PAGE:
Parliament and Accountability in Scotland
The Presiding Officer of the Scottish Parliament has replied to
the complaint by Professor Hughes Hallet and Scott cited in my
blog for 17th Jjanuary. It is remarkable. Short though it is,
I had to read the letter more than once to make sure that I had
read it properly. If you take out padding it essentially reduces
to the following.
"the conduct of committee meetings is the responsibility of
conveners alone, I have therefore forwarded your letter to the convener
of the Scotland Bill Committee so that your specific concerns can
be considered in the appropriate forum
The complaint by Scott and Hughes Hallett was essentially about
the conduct of the meeting by the convener and Scott and Hughes
Hallett are being told the only authority who can deal with and
resolve this complaint is the convener herself .
If Scotland was a Third World country such behavior would cause
amusement in some quarters, concern in others, and would be generally
cited as an example of failure to absorb and adopt democratic traditions
of fairness, transparency and accountability. But this is not a
Third World country this is Scotland in the Twenty-First Century.
And we still invite parliamentarians from emerging nations to Holyrood
to show them how things should be done?
However, the reputations and credibility of all academics giving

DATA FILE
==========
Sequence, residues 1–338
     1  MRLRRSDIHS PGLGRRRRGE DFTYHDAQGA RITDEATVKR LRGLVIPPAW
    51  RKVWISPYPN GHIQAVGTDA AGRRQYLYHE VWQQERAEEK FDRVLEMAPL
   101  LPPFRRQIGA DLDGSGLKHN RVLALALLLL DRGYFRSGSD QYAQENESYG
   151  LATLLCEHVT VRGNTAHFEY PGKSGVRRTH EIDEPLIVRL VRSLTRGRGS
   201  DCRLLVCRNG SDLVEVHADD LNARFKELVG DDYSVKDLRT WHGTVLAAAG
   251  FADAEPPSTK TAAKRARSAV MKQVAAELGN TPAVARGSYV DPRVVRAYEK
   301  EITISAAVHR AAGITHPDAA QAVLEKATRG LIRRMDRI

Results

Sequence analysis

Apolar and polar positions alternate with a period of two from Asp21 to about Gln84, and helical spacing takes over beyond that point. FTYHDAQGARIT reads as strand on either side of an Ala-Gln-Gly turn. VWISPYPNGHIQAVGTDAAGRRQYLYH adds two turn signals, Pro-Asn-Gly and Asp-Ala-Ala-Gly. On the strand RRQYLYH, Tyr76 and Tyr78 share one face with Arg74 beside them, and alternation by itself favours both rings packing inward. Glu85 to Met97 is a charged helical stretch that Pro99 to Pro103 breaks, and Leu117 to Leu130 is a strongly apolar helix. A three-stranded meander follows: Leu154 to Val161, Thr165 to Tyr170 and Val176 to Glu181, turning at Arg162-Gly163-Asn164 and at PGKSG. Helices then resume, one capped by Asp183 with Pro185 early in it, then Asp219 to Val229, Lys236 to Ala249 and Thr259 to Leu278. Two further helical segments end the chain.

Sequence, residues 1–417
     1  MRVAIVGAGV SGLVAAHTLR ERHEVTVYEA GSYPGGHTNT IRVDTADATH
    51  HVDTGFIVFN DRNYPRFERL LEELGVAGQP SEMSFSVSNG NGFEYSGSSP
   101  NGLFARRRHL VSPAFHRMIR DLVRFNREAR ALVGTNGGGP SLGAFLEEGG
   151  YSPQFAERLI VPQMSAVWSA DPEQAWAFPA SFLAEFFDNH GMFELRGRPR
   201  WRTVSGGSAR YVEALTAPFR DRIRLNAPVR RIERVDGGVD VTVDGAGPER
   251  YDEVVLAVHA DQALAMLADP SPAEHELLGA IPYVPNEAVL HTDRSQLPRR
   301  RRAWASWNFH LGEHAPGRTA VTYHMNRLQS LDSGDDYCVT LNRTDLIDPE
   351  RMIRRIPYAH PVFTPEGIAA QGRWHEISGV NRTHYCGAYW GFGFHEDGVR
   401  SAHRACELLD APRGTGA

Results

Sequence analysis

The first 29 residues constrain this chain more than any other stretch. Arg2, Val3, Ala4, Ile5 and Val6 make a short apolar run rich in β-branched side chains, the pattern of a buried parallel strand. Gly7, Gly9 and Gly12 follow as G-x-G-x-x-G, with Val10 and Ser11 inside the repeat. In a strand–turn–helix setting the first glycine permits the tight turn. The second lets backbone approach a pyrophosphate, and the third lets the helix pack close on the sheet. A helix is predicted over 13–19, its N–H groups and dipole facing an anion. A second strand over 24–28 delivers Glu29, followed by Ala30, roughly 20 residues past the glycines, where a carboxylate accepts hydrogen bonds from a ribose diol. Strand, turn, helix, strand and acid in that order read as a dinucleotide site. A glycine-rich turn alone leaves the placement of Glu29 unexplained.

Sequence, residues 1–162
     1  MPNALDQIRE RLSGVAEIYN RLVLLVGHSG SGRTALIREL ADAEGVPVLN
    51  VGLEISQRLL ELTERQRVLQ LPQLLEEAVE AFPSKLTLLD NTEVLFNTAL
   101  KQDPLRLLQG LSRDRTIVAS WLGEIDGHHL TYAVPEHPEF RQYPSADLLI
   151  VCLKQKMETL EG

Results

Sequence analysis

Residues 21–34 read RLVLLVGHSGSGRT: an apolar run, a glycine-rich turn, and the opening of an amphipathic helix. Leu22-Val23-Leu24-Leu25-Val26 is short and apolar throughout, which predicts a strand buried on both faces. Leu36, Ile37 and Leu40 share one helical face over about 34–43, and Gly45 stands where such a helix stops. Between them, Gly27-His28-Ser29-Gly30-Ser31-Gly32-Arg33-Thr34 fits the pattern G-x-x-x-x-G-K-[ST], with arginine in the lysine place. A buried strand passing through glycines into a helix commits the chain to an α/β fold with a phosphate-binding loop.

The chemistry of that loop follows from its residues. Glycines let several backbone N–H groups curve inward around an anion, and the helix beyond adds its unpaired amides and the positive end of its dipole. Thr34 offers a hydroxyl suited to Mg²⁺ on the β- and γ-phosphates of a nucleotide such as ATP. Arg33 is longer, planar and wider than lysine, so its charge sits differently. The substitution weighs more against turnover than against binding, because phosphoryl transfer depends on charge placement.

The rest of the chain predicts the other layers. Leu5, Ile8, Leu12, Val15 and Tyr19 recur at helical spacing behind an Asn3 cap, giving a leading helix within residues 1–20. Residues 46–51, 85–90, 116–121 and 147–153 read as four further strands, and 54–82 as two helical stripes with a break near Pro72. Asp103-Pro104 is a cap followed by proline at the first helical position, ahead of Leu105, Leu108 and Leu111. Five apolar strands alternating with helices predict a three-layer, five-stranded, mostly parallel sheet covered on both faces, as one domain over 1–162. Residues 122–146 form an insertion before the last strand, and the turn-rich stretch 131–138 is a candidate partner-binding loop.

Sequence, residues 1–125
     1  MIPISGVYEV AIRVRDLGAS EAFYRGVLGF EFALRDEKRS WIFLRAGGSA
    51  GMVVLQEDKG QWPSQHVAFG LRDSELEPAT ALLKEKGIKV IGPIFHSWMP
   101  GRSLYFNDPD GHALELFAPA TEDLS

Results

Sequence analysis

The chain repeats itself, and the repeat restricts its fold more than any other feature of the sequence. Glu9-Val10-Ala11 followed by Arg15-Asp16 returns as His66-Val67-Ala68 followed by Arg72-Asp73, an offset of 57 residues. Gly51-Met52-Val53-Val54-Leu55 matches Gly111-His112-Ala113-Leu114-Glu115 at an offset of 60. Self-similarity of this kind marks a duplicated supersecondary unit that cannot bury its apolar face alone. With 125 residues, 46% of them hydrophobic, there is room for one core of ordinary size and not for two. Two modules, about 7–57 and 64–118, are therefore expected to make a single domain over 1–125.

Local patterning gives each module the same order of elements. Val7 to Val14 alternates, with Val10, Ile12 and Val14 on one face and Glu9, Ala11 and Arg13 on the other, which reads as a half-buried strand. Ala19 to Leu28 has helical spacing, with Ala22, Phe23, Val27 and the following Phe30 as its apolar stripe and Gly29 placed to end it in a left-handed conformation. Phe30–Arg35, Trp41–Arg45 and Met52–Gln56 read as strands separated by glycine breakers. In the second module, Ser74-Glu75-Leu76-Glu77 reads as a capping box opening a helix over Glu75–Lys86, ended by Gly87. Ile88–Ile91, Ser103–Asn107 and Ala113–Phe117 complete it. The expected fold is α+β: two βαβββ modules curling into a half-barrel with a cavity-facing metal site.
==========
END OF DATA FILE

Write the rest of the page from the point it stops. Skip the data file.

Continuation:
evidence to this committee have been tarnished, not just that of
Scott and Hughes Hallett. The evidence of other academics to the
committee whose views find more favour with the convener is already
being used second-hand by political proxies (including some MSPs)
to attack the reputations and credibility of Scott and Hughes Hallett.
The reputations of this other group of academics are already also
collateral damage since they are being seen in some quarters - unfairly
- as being the stooges of the committee and its convener. No-one
with a reputation to defend would be advised to be a witness to
this committee. That is how much things have degraded.
The Scottish Bill Committee is utterly discredited and no-one who
has a passing knowledge of the issues and what has happened will
take its conclusions seriously. The cumulative damage to the reputation
and credibility of the Parliament from such affairs (of which this
is only the latest and most widely reported) is wider and will be
longer lasting. But perhaps the most damaging element in all this
is the short letter from the Presiding Officer which makes it clear
that Parliament is unable (or unwilling) to repair itself or any
damage it causes to the democratic process in such contexts.
I have yet to receive the Presiding Officer's answer to my own
complaint, I expect it soon because I do not expect it to take him
long to write, indeed I believe I pretty well know what it will
Neil Kay 19th January 2010